Good customer service will lead to good business. The residents are our customers and I want to make sure every experience they have with the town is a good experience, just as is done in business. We may not be able to solve every problem, but we want everyone to know that we consistently try to solve the issues, such as a broken street light or a pothole.
AAA: Downtown Armonk still has the charm of small scale architectural characteristics alongside the historic district. How do we maintain the rich history of North Castle? What about the Miller House, where there is a stalemate between North Castle and Westchester County's Executive Office? Have you considered a public/private partnership to help save the building?
MS: I love the history of this town and there’s so much here. During the almost 16 years I have lived here, I have talked with people who have lived here for 40, 50, and 60 years. We can't lose sight of where we are going as we move forward, but we can never forget the past. There is a rich history of people who have come before us, such as Lou and Barbara Massi, who have moved away. They will always remain part of the fabric of the town.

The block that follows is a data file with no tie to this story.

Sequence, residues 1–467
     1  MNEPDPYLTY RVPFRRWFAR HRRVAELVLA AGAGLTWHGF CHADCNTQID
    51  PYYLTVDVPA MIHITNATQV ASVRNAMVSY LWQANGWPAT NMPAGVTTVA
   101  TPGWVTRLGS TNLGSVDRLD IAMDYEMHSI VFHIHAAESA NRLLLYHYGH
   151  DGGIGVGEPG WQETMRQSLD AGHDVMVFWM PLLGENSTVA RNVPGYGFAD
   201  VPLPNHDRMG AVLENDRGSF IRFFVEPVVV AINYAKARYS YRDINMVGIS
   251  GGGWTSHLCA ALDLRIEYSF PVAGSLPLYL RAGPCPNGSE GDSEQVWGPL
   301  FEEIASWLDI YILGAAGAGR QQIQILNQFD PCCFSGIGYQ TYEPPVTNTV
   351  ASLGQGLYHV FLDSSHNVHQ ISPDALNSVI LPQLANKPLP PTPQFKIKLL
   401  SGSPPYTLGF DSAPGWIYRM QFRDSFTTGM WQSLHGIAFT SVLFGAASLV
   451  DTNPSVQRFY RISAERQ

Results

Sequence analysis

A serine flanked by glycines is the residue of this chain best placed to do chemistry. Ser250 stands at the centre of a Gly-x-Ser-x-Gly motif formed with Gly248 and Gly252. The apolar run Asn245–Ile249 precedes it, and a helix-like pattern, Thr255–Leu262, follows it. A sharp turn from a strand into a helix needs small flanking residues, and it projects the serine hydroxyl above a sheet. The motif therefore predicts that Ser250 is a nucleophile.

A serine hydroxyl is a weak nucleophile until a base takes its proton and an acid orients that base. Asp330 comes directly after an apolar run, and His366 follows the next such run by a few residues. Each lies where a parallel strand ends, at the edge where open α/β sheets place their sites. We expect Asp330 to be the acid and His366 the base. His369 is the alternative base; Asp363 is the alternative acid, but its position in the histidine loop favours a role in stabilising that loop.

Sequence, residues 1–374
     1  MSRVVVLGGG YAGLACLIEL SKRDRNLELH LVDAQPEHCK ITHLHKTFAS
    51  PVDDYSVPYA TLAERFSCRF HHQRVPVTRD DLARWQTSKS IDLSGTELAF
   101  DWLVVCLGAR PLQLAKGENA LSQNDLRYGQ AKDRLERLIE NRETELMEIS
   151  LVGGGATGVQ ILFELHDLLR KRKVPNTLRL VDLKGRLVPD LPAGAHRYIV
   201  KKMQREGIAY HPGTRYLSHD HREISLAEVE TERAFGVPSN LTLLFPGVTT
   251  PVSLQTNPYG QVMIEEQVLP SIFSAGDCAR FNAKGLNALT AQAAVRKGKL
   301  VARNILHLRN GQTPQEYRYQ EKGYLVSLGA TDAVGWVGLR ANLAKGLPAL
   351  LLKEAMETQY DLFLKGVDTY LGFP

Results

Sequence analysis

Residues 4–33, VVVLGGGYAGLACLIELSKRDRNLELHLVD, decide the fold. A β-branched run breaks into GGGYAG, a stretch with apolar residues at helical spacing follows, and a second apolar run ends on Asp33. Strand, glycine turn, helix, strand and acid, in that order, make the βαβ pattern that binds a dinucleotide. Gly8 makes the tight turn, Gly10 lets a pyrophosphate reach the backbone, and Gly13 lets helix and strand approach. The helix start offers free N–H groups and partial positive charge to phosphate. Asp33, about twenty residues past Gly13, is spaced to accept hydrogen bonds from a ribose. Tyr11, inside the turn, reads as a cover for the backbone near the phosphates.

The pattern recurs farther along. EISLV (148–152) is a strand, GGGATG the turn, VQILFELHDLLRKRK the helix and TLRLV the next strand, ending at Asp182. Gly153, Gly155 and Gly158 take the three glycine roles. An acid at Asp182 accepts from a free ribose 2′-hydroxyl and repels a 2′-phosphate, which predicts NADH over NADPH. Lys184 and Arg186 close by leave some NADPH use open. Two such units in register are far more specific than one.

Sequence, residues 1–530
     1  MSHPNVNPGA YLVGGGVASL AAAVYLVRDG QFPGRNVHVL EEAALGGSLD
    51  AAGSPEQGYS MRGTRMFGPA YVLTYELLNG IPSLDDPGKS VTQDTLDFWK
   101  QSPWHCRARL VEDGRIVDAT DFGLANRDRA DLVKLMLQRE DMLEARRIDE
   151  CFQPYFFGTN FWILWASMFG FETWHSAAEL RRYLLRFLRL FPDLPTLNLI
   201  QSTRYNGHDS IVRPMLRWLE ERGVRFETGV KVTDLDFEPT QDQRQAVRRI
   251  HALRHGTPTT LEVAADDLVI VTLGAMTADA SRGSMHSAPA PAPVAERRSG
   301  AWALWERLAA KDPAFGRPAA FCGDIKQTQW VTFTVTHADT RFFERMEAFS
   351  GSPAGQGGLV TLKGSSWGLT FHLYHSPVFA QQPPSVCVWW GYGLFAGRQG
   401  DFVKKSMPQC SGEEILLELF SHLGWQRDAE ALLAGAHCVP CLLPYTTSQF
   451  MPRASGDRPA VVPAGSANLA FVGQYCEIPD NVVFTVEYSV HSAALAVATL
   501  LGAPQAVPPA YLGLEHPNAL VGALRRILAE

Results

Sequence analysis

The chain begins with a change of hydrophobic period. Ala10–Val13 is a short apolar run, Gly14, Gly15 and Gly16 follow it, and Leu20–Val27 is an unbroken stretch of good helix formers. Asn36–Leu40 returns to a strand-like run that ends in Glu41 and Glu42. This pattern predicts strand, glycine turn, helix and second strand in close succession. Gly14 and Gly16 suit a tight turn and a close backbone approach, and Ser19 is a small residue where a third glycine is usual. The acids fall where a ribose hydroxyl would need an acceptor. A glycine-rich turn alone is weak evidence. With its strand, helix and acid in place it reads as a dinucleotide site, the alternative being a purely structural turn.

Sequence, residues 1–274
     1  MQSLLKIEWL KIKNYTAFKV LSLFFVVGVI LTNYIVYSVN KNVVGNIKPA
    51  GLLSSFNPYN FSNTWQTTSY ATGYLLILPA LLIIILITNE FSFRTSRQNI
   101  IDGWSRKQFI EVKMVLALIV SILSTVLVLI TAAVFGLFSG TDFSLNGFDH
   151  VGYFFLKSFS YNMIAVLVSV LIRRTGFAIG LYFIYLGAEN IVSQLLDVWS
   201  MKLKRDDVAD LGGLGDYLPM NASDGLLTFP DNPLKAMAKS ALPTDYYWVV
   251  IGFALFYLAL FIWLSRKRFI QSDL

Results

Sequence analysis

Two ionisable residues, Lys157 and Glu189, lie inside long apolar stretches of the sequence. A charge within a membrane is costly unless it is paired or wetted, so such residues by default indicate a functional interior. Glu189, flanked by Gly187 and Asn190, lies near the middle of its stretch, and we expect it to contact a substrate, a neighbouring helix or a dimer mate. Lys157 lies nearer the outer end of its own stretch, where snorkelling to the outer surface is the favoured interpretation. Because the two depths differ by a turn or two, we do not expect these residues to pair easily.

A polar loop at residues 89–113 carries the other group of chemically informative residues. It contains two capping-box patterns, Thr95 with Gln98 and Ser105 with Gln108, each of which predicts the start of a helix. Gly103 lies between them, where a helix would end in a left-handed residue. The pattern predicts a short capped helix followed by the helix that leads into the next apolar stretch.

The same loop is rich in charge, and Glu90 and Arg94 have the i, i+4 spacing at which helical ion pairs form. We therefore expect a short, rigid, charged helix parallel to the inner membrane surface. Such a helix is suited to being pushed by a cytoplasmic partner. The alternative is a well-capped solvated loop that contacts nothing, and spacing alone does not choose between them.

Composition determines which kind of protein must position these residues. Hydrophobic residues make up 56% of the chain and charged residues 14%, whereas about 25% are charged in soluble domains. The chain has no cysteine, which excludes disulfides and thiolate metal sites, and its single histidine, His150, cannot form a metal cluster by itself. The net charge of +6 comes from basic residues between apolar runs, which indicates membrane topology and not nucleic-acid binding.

The Miller House is also part of the fabric of our town, as is the Battle of White Plains, the Revolutionary War, and George Washington. Yet we are stuck with an unfortunate opinion from the Westchester County's Executive Office that questions the validity of Washington's presence in North White Plains. The fact that they even want to bring that up is a disgrace.
The sign outside the Miller House says Westchester Parks Washington Headquarters. It’s on the national registry. And now we are going to debate if Washington was there, really? Or if the concrete plant across the street is such an issue, why aren't they raising that issue with all the residents and businesses in the area? Is it a real issue, or a facade?
What can we do with the county? We have worked with their officials and they said they will repair the Miller House in place. But now they claim that they had a lot of progress with the town’s prior administration and that our administration is dormant. That is just not true, and the County knows that! They asked for time when the county executive was running for governor. We gave them time. Then we had a productive meeting where they said they would fix the house on site.